Trent Ernst, Editor
The District of Tumbler Ridge was honoured by Clean Energy BC at the Generate 2015 Conference in Vancouver this year.
“During a challenging period in the district’s history,” says the announcement from Clean Energy BC, “Tumbler Ridge has been highly supportive of Pattern Energy’s Meikle Wind Energy Project, and wind power more broadly. The District hosted job fairs, collaborated on mutually-beneficial projects, and took proactive measures to boost wind development in the region.”
For these reasons, Tumbler Ridge was one of two communities awarded an outstanding community award this year.
Mayor Don McPherson was at the conference. He says he thinks it’s pretty awesome that a town originally built as a coal mining town would be given such an award.
McPherson and other representatives from Tumbler Ridge joined individuals and representatives from companies in the Clean Energy sector “that have demonstrated exemplary leadership in British Columbia’s clean energy sector. Across the past 12 months, the association’s members have collectively commissioned more than $2 billion worth of clean energy power projects – facilities that are keeping the air clean, the grid strong, and providing transformative economic opportunities to First Nations and communities.”
Councillor Rob Mackay was at the conference, too. He says communities are nominated for these awards by various companies and Clean Energy Partners. “We were told we were nominated by so many people, it was impossible not to give us the award,” says Mackay.
On top of that, says EDO Jordan Wall, the District has been meeting with executives of Clean Energy BC, and they’re appreciative of what the community is doing to forward the cause of clean energy. “When they talk of Tumbler Ridge benefiting from their projects, it makes the Province happy, as the Province is looking for a way to help Tumbler Ridge. It shows our ability to take an active role in the development of the industrial project, as well as our strategy for lobbying the Provincial government to develop a relationship with them, is paying off.”
Wall says he hopes that it will translate to more jobs and more investment in the community. “Every indication is we’re doing the right thing,” he says. “Tumbler Ridge is very well respected within the Provincial Government and the clean energy industry.”
The move towards clean energy started with the work previous Councils did with the Quality Wind Project. “That put us on the map for wind production,” says Wall. “We have Pattern’s Meikle Creek project under construction, and we realized that we have a great opportunity here to diversify our economy. We’ve developed excellent relationships with all the wind providers in area. And we have developed strong relationships with Ministers Bond and Bennett with our made in Tumbler Ridge project. This award is coming from that work. Clean Energy BC along with wind energy producers have found Tumbler Ridge to be a great ally because of the relationship we have with the province.”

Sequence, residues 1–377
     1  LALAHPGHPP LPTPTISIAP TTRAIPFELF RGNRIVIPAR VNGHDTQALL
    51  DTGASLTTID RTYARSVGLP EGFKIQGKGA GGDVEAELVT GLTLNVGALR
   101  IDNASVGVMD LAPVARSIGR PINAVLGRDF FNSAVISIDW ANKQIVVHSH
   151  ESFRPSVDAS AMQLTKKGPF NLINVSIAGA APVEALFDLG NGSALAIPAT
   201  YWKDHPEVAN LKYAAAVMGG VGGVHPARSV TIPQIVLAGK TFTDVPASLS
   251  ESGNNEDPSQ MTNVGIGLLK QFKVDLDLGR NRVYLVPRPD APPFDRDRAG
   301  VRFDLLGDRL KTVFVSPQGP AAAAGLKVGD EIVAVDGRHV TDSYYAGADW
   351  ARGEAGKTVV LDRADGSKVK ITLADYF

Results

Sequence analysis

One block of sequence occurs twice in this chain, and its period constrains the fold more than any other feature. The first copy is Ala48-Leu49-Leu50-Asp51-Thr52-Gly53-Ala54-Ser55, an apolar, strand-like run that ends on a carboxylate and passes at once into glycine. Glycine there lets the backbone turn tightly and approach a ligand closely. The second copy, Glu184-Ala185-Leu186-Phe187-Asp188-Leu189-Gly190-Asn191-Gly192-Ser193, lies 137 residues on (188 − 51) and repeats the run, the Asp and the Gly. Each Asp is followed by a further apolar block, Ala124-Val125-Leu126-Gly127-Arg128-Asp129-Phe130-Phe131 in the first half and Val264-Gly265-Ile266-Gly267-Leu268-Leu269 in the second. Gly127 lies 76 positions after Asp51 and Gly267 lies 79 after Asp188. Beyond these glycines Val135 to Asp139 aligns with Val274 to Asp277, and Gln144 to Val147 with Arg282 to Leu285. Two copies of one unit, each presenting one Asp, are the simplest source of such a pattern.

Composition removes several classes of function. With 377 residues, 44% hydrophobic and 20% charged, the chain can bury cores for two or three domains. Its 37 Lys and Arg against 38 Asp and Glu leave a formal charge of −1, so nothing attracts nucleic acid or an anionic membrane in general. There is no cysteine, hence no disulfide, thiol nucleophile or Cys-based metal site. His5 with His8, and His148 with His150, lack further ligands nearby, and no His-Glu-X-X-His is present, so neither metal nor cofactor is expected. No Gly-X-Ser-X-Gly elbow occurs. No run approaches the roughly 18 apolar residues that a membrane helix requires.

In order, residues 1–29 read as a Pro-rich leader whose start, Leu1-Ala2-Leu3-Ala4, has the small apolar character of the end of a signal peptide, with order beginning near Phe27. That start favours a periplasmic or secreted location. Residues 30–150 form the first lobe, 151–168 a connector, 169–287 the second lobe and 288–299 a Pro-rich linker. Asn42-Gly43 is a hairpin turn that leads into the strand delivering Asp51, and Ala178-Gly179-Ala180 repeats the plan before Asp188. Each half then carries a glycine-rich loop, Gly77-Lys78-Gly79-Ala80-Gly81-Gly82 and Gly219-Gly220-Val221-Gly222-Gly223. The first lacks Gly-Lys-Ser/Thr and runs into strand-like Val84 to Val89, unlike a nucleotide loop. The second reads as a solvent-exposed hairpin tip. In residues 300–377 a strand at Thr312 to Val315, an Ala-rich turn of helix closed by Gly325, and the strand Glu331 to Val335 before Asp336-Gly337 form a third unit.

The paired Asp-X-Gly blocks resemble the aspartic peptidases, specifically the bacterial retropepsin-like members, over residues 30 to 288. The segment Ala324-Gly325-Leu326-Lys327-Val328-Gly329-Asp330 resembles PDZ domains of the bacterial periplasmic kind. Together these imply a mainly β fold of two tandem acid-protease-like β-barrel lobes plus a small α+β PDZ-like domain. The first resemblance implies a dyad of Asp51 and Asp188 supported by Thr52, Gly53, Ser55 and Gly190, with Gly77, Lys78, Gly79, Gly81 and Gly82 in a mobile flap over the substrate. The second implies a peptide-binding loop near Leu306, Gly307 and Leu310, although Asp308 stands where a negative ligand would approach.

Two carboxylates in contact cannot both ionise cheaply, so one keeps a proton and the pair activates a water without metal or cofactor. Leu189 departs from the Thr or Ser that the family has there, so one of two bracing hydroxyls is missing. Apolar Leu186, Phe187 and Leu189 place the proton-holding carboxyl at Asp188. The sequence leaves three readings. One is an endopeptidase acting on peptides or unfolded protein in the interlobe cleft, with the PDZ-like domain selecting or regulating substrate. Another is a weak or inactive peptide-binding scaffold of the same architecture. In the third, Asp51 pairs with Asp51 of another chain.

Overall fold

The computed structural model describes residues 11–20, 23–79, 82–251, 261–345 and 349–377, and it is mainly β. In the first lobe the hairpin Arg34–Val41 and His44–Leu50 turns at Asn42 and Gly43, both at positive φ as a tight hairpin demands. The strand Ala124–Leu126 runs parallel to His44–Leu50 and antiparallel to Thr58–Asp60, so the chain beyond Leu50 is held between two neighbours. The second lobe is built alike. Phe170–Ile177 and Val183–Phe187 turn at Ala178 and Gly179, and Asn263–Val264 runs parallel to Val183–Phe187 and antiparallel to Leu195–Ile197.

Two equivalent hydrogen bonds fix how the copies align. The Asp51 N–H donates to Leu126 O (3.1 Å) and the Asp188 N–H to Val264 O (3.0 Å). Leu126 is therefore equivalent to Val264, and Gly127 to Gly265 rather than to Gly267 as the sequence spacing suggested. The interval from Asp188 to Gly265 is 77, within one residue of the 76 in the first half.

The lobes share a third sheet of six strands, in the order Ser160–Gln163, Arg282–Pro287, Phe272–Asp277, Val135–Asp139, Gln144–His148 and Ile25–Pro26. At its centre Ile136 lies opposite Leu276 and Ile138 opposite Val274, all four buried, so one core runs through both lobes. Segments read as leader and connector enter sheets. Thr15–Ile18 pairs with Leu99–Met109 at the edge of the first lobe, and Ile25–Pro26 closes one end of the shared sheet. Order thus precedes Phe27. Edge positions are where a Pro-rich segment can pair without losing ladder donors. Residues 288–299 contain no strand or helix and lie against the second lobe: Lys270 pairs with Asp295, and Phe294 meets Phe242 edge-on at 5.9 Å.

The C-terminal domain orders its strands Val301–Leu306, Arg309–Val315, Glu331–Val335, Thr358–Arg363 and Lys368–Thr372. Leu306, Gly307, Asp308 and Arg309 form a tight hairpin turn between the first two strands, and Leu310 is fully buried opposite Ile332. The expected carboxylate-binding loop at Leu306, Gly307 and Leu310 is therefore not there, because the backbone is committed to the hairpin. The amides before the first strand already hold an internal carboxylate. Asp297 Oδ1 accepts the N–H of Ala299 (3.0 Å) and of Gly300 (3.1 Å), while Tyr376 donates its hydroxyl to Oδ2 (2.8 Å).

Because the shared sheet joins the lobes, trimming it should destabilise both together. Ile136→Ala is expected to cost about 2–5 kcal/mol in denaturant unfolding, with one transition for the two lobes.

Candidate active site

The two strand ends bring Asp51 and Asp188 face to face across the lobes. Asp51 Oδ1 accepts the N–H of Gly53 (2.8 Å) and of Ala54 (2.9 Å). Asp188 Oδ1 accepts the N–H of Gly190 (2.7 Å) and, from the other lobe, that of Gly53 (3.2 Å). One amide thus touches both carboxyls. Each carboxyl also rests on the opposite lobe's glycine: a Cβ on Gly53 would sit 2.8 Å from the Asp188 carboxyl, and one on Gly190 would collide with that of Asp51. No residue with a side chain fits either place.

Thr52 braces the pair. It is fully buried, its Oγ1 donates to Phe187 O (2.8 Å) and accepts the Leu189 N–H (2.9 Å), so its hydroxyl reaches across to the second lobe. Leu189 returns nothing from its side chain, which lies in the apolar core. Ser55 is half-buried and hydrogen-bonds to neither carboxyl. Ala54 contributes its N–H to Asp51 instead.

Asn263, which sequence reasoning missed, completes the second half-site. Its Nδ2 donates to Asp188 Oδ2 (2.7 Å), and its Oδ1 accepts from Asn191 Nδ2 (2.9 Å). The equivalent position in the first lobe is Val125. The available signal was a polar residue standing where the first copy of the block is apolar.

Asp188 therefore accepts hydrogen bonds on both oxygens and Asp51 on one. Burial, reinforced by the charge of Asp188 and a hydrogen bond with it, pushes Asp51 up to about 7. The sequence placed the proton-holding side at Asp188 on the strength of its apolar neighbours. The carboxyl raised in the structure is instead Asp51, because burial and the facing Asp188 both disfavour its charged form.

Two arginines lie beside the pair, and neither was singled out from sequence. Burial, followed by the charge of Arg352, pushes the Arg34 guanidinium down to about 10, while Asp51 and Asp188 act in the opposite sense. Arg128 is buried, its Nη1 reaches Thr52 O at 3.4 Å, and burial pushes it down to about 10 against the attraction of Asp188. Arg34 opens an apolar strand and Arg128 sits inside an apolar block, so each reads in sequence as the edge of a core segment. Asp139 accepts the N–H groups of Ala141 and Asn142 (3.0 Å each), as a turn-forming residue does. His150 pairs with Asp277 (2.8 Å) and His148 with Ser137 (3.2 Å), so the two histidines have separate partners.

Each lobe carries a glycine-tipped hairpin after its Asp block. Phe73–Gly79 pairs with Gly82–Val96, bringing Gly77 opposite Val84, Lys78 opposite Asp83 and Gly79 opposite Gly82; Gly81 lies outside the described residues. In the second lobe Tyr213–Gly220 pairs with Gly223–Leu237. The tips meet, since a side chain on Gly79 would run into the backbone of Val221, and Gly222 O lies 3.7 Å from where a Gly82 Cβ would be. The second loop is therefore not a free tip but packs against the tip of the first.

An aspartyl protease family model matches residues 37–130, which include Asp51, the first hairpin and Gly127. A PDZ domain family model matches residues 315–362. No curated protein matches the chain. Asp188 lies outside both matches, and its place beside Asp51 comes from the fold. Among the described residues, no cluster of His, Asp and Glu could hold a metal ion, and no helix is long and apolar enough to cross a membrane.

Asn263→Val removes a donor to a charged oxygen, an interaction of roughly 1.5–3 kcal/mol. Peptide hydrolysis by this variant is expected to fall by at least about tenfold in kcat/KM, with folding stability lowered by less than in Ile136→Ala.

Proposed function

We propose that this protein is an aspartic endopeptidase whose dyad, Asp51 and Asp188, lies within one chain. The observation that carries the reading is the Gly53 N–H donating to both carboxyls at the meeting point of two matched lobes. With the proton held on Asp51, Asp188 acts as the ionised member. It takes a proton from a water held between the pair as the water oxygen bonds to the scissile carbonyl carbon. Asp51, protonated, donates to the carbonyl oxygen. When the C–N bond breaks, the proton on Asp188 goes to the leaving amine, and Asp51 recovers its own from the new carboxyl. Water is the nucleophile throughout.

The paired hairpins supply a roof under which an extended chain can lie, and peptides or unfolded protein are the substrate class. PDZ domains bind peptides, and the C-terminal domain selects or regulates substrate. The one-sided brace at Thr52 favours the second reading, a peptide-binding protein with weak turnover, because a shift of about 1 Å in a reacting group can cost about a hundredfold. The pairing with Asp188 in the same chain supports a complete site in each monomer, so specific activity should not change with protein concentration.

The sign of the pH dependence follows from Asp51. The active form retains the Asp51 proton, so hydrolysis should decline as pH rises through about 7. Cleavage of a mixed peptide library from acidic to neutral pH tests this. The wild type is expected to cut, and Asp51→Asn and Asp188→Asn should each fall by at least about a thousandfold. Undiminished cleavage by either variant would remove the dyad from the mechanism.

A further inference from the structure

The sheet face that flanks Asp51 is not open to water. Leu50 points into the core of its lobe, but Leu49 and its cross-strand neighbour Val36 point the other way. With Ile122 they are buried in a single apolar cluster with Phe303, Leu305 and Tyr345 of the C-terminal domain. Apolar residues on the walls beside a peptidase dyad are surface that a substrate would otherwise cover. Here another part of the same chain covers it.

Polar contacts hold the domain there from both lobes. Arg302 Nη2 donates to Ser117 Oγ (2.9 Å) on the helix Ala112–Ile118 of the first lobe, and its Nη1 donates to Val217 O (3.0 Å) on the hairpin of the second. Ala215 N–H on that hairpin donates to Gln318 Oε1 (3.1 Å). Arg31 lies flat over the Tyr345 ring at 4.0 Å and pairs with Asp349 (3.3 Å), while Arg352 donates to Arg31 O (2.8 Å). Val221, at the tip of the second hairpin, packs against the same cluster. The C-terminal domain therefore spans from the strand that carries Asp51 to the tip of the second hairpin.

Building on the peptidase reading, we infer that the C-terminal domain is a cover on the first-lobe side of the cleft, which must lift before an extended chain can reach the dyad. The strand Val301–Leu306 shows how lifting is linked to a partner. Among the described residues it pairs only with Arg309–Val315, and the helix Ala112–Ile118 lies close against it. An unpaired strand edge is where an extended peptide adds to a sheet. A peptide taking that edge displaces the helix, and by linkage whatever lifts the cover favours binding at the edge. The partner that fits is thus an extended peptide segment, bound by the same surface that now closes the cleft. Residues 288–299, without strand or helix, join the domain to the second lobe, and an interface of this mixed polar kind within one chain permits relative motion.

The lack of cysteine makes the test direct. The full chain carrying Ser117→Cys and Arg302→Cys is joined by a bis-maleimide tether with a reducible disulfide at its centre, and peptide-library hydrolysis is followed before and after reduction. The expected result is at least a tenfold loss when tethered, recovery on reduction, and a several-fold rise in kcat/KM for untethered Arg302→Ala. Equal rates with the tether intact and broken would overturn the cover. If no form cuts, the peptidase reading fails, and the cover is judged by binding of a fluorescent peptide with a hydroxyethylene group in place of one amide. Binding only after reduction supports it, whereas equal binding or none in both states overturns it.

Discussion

Wall says the defining moment of the conference came early for him. It happened just as they got off the plane. “Minister Bennett was waiting there, and he said ‘hey, it’s Tumbler Ridge! You guys must be down here for the conference.’ Because of the work we’ve done, he knew us by sight.”
The City of Kimberley was also honoured at the awards for the creation of the SunMine Solar project. The solar farm took eight years to develop and went on line in July of this year. The 1.05 MW solar project is BC’s first grid-connected solar facility. It is the first large-scale solar power plant outside Ontario, the first Canadian utility solar plant owned and operated by a municipality, the first Canadian solar project supported by a mining company, and the first Electricity Purchase Agreement awarded under BC Hydro’s Standing Offer Program to a solar project.
“SunMine is a great example of the resiliency of our community,” says Kimberley Mayor Don McCormick. “We are thriving and pursuing new and innovative directions. Although SunMine is the largest solar facility in BC, it is relatively small. As the SunMine proves its potential, the City of Kimberley is looking to expand it and have already had several inquiries from prospective partners.”
SunMine is supplying enough electricity to the BC Hydro grid to power approximately 200 homes.
“SunMine is a symbol of Kimberley’s commitment to the environment,” says Scott Sommerville, Chief Administrative Officer for the City of Kimberley. “When Kimberley’s mineral resources were depleted, we took advantage of our solar potential and developed a new resource which is renewable.” Kimberley receives the most sunshine in B.C. (over 300 days per year), and he says SunMine is well suited to capitalize on these clear and sunny conditions.
Teck provided use of the land and site infrastructure as well as a $2 million contribution towards the project. SunMine is located on Teck’s former Sullivan Mine site, which has been fully reclaimed.
“Participating in SunMine reflects both Teck’s commitment to supporting local communities, even after mining has ceased, and our focus on expanding the use of alternative energy,” said Don Lindsay, President and CEO of Teck. “We’re proud to be contributing to the long-term prosperity of Kimberley and commend the City for their entrepreneurial spirit.”